Tall building are problematic, not least because they are distorting land values, but each one should should be judged on its merits, writes David Rudlin

David Rudlin_index

David Rudlin

On my first day at university our urban design lecturer sent us out into the city with a simple instruction to ‘look up!’ Not because of any impending comet strike but because it was something we rarely did, and it revealed much of what we would need to learn as urban designers.

One thing I started doing was counting storeys. The tallest buildings in Manchester at the time were the 30 storey Piccadilly Tower and the 25 storey CIS Tower. Outside the centre the tower blocks that loomed over the city’s council estates also seemed pretty tall even though they were only 13-16 storeys.

Manchester’s tallest building is now 64 storeys, making those council ‘tower blocks’ look tiny by comparison. It’s all relative, and more to the point, it’s all a matter of perspective because these building are always foreshortened when you look up.

I have since been involved in masterplans where the predominant building height is not much less than those council tower blocks. I worried at the time that everything was getting a bit tall, however on visiting the completed scheme I have always been surprised by the extent to which the elevation and section drawings had given a misleading impression of the perceived height of the completed building.

I have often visited schemes of ours and thought that the buildings could have been higher

When urban designers are creating public spaces, the distortion of drawing on a two-dimensional plane means that we tend to over-estimate horizontal dimensions and underestimate vertical ones. I have often visited schemes of ours and thought that the buildings could have been higher, the spaces tighter.

These things came to mind this week having chaired a couple of design panels where most of the schemes involved tall buildings. It used to be said that towers only happened at the peak of the property market and generally presaged a crash, and yet the property market in the cities in question is not particularly buoyant at the moment, but still towers are very much in vogue.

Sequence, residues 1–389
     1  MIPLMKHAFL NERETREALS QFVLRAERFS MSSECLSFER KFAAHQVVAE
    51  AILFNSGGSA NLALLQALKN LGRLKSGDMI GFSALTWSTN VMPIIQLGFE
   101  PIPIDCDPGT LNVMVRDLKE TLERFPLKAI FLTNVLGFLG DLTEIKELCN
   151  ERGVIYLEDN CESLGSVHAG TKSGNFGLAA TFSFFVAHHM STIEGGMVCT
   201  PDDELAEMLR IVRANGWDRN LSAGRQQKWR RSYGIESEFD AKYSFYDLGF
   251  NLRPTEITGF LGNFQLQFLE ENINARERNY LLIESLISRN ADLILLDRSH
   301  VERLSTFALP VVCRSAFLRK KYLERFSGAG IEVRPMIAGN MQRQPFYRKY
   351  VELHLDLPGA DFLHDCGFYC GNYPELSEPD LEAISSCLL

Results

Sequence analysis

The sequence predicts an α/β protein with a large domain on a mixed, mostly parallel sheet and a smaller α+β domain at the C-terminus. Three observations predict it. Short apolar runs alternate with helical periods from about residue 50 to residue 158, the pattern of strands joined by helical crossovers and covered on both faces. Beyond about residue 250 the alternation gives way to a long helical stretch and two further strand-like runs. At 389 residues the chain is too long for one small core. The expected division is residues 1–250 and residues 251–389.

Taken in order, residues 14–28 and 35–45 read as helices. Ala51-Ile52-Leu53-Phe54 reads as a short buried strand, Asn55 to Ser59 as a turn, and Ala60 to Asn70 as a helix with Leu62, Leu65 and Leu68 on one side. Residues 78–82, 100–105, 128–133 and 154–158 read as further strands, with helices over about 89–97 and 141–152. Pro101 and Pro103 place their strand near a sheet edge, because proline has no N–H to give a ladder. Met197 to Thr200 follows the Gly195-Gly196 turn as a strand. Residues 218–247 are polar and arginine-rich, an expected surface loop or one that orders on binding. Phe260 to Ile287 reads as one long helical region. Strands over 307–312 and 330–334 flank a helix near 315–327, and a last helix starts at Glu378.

These tall buildings make planners queasy, even in areas designated as tall building zones. There are, of course, very real concerns about long views and the effect on the skyline, micro-climate, overshadowing, sustainability and carbon, heritage and impact on listed buildings along with the ever-present but ill-defined notion of ‘over development’. Under these criteria many of the proposals we saw were not acceptable, but it is important to show your workings, its not enough just to say that the proposals are too tall.

Then there is the idea of ‘architectural quality’. Taking a leaf from the original CABE guidance from 2007 many tall buildings policies include a requirement for architectural quality or even ‘excellence’. Let us put aside for a moment the quibble that we should be striving for this in all buildings – the implication is that the scale and visibility of tall buildings mean that the architecture should be even better! Earlier this year a consultant promoting a tall building wrote to me saying that they had been advised by their cost consultants that exceptional design quality could lead to build costs increasing exponentially.

…the real problem with building height inflation is that it is distorting the property market

For developers there is a sense of FOMO (fear of missing out). If everyone else is doing it, then they must somehow be under-developing their site if they don’t also go for a tower. Then if their consultants suggest 15 storeys, why not go for 20 or 30? This is what lies behind the boom in tall building proposals. I underline proposals because most of the tall buildings we have seen at design review over the years have not actually been built (outside London and hot spots like Manchester).

I may be more relaxed about height than many planners, but the real problem with building height inflation is that it is distorting the property market. Land values increase to the extent that developers need to go high to generate sufficient value to make the scheme stack-up. As I have pointed-out before in this column, the most compelling argument against towers is that they make perfectly good mid-rise development unviable.

The developer quoted above who worried about the cost of exceptional architecture concluded by saying that they were conscious of not wanting to waste the council’s resources on an exceptional quality scheme that is simply not viable to build. They may have a point.